dssi“You can’t get these answers from a text book,” says Stephen Silva ’14, referring to the laboratory research he is doing at the Drew Summer Science Institute (DSSI) – research that could lay the groundwork for new anti-fungal medications. Current anti-fungal treatments are often ineffective and produce adverse side effects, and that’s a problem for chemotherapy, HIV and leukemia patients with weakened immune systems. Silva is part of a molecular biology team working with Professor Stephen Dunaway this summer to understand the genetic sequences of a specific yeast protein in order to find some answers.

Silva has been able to dedicate himself to this project, rather than take a summer job to help pay for school, thanks to the Carrie Hendrickson McMahon Summer Research Fellowship established by the ’94 alumna to support biology and biochemistry students. “I needed a lot of help paying for college,” says McMahon, now a regulatory scientist at the Food and Drug Administration.  “I was lucky enough to get the Elsie Fischer Scholarship (among other Drew awards) and always considered it an interest-free loan. I made it a priority to give back.”

Since 1998, DSSI has brought together advanced anthropology, biology, chemistry, mathematics, computer science, physics and psychology Drew students with faculty for eight weeks of full-time research each summer. DSSI provides students with a measure of direct, practical experience not often seen at the undergraduate level.  Research, like Silva’s, can be tedious and full of set-backs. But each unsuccessful attempt teaches valuable lessons about technique and perseverance. “This is how you learn science,” observes Dunaway noting that most DSSI students go on to competitive graduate programs. Silva, for example, is applying to medical school.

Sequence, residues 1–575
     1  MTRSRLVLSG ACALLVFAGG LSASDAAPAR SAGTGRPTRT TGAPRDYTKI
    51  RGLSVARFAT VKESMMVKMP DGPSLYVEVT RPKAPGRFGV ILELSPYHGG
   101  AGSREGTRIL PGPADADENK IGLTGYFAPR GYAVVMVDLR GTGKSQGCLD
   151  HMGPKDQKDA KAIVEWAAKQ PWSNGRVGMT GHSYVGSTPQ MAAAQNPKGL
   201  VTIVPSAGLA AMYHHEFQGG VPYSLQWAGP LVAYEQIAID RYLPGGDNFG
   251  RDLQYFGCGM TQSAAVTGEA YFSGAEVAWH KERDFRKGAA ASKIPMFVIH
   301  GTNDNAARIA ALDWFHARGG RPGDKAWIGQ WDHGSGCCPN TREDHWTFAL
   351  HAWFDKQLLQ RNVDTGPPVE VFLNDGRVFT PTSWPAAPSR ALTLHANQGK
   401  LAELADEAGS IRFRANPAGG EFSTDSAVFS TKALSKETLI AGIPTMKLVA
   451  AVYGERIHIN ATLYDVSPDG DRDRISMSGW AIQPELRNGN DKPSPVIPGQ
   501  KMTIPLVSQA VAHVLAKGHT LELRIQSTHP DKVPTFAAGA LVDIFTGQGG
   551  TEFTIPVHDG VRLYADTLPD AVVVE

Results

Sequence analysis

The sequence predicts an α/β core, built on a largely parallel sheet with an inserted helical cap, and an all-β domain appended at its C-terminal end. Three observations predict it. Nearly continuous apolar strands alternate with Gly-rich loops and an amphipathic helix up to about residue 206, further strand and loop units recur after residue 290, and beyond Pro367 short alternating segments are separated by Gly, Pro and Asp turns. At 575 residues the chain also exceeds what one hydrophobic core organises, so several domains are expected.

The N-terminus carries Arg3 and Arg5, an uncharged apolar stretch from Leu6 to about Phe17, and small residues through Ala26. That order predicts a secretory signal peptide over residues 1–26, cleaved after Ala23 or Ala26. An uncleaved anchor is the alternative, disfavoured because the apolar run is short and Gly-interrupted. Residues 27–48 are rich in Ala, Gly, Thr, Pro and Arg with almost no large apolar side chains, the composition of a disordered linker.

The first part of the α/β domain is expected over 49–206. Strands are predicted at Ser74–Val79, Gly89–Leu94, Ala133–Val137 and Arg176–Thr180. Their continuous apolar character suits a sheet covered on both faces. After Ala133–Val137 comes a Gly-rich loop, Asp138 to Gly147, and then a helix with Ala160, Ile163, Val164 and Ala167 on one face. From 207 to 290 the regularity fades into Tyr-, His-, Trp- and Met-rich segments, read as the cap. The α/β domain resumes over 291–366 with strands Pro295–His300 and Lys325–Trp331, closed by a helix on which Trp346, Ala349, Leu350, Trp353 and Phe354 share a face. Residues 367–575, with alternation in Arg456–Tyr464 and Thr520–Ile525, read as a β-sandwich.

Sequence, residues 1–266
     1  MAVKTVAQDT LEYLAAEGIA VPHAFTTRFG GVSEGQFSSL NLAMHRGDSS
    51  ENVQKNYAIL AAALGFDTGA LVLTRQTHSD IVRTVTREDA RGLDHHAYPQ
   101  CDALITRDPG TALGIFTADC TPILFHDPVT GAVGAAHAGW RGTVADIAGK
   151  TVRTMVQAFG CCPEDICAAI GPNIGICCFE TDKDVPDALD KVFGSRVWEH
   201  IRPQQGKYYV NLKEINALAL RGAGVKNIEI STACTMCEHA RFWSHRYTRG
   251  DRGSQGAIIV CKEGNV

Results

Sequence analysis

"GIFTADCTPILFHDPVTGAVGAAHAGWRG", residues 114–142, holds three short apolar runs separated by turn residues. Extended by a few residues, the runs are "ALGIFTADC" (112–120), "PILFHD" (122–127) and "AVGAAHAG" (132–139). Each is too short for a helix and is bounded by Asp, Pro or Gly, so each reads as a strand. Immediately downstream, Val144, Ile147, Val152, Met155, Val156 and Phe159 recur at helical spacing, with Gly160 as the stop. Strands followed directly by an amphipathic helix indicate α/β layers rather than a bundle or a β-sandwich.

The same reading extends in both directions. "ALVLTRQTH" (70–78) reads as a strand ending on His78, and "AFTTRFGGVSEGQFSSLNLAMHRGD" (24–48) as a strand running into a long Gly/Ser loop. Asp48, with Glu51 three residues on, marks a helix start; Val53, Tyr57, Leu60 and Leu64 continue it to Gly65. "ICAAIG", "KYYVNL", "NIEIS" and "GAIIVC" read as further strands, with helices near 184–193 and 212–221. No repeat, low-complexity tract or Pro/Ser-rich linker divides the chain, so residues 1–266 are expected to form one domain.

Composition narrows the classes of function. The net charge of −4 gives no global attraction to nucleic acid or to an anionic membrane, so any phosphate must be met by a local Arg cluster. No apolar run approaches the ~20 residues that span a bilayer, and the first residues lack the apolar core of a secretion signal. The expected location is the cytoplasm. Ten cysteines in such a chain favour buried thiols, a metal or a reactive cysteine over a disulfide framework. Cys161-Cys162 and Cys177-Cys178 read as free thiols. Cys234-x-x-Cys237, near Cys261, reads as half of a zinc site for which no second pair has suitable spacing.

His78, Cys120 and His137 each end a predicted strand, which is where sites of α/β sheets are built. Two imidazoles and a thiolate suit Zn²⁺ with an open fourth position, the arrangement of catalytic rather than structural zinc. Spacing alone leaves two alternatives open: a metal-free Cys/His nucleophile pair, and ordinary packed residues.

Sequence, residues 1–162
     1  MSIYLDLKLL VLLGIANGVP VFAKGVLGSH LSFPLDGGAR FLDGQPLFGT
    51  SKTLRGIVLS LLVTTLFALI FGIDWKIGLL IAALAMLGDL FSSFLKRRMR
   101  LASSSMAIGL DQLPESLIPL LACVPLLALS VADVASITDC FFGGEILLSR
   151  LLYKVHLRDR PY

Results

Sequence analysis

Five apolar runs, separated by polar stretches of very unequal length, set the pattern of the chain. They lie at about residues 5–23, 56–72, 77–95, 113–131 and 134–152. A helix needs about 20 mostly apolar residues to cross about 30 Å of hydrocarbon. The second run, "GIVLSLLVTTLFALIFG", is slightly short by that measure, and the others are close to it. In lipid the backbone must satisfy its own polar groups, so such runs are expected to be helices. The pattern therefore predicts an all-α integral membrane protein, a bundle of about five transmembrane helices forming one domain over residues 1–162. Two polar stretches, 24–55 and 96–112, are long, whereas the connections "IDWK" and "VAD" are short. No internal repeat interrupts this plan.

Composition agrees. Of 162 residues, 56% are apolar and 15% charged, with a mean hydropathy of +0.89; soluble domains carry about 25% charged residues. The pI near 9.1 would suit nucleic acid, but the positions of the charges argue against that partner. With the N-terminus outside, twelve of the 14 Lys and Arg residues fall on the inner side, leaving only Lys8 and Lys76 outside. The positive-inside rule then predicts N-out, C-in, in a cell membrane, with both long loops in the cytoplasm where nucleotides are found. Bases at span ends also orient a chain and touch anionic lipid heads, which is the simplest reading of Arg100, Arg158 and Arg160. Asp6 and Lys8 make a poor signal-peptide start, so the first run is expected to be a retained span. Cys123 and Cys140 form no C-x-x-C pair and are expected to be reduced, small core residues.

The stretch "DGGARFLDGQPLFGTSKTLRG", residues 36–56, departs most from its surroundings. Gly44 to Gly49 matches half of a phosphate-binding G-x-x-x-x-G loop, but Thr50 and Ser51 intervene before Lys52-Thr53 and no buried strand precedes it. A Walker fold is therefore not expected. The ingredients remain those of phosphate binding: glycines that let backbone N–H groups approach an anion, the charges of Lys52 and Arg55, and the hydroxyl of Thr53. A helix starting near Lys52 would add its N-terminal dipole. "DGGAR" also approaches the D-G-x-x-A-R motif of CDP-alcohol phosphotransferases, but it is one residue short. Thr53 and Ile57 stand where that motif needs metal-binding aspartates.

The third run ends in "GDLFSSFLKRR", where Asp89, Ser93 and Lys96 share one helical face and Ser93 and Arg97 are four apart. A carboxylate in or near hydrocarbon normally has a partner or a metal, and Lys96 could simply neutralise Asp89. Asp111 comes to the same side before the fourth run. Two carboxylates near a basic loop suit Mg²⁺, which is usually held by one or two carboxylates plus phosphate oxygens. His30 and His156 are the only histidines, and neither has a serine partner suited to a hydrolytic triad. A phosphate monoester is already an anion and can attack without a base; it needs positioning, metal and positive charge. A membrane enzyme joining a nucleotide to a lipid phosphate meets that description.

The number of students participating in DSSI has almost doubled in recent years, with upwards of 60 students enrolling each summer. Drew provides each student with a stipend, as well as on-campus housing and expendable supplies for experiments. These costs have been subsidized recently by a major grant from the Howard Hughes Medical Institute. The grant expires this year and so fellowships like McMahon’s are crucial to the continued success of DSSI in the years ahead.

“Now that the fellowship is real, I wonder why I didn’t do this sooner,” muses Carrie. “I thought it took a fortune to create something like this. But it’s actually very manageable when you break it down,” she says, to the molecular level. –Barbara Perkins P’09